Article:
North Korea tests limits of South Korea, Japan cooperation
US envoy Stephen Bosworth arrives in Tokyo Thursday after visiting Seoul and Beijing. Implicit in his talks is a push for Japan and South Korea to cooperate for mutual defense against North Korea.
Implicit in his talks in Seoul, Beijing, and Tokyo is a push for Japan and South Korea to get over the legacy of 35 years of Japanese colonial rule and decades of animosity and suspicion – and cooperate for mutual defense against the North Korea threat and concerns about China as the rising regional power.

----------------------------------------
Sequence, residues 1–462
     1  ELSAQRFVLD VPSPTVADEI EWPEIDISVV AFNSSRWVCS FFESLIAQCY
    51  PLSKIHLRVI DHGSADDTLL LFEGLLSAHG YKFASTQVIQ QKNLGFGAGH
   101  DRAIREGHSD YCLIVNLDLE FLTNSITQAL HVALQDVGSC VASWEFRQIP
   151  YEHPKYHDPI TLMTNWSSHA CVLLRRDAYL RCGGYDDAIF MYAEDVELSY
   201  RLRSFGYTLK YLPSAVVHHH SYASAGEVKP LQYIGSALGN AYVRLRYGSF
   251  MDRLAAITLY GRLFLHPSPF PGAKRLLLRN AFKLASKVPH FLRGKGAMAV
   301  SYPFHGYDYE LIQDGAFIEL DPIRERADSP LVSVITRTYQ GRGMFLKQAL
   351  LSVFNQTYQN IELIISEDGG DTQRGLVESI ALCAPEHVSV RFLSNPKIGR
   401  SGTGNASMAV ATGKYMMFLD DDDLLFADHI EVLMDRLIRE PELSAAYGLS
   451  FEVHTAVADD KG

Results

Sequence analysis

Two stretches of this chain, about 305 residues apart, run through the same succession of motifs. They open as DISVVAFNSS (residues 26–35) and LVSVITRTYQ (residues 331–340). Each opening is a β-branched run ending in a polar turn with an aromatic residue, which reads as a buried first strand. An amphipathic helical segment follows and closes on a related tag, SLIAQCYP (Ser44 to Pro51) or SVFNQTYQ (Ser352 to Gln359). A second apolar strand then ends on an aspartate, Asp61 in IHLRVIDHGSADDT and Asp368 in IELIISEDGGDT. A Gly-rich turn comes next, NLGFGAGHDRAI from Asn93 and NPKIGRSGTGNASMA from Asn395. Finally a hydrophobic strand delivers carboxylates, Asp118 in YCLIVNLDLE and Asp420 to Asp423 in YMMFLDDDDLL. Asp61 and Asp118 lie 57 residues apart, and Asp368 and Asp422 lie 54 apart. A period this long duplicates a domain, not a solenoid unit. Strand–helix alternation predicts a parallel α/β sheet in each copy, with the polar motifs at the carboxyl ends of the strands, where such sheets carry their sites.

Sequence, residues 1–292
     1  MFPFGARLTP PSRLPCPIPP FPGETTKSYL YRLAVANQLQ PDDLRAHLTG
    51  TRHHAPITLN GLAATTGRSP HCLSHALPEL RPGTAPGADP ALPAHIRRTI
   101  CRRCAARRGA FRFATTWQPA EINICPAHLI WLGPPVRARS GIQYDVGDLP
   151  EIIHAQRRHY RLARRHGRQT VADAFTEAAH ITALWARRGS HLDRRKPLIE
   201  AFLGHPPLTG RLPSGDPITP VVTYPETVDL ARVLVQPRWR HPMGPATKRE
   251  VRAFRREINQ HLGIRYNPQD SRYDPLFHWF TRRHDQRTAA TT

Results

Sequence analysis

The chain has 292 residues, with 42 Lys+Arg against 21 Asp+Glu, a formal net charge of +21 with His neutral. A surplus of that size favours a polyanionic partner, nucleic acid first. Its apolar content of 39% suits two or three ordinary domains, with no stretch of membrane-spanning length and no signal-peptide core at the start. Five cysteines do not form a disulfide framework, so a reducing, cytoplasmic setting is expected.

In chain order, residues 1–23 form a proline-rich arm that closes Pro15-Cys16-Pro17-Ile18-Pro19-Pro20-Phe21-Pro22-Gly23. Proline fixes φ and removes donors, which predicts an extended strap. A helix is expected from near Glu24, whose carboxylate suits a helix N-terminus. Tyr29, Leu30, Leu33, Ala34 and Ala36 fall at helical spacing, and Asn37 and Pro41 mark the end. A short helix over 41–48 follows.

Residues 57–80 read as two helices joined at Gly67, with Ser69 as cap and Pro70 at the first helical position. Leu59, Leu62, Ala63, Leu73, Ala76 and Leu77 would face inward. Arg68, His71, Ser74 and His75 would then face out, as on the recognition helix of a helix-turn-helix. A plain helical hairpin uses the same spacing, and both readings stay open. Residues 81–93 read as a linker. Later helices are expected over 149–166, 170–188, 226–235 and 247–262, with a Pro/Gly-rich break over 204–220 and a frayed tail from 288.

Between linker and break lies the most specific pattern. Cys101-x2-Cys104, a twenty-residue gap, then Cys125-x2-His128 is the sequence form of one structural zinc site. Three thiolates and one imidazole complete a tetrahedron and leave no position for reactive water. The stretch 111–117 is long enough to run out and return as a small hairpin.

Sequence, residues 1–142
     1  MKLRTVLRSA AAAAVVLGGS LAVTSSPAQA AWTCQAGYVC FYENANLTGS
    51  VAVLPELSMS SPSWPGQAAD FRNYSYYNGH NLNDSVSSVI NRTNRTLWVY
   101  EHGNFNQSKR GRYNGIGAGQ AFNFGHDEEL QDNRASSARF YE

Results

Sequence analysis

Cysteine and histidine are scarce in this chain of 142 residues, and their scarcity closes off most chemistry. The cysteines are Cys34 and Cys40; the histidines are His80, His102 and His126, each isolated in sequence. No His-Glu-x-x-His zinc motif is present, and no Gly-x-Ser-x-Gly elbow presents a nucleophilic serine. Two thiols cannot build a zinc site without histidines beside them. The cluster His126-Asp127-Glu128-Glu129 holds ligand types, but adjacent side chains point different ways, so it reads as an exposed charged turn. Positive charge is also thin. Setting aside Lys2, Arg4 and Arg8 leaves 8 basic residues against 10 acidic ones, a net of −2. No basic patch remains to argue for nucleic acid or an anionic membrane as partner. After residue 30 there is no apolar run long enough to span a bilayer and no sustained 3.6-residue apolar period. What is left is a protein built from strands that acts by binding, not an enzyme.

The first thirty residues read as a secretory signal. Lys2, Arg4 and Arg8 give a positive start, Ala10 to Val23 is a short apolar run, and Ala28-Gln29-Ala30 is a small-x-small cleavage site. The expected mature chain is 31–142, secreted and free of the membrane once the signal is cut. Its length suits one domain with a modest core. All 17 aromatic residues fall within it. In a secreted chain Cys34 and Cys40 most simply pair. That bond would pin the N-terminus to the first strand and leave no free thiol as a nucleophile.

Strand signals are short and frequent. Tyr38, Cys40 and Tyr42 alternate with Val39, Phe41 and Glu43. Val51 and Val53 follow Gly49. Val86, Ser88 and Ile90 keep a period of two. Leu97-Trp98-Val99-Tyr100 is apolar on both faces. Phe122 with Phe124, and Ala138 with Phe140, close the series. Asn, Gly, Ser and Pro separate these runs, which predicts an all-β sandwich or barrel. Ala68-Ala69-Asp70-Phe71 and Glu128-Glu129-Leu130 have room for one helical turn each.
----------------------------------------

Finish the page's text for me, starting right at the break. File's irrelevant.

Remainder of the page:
Japanese and Korean officials deny any consideration of an alliance, citing it as politically impossible. But Mr. Bosworth, who arrives in Tokyo from Beijing and Seoul on Thursday, faces mounting questions about cooperation engineered by the United States. Washington has longstanding but separate alliances with both countries, although US officials for years have stressed the need for “trilateral cooperation" that conjures the image of a three-sided alliance in case of hostilities.
Bosworth has been saying that North Korea to go beyond its stated desire to return to six-party talks and begin to live up to agreements reached in 2007 to forgo its nuclear weapons program in return for massive aid for its dilapidated economy. As a South Korean official put it Wednesday after Bosworth’s meetings in Seoul, “The South and the US shared an understanding that future six-party talks should not be talks for talks’ sake” – a view that Bosworth has frequently expressed.
Page 1 of 5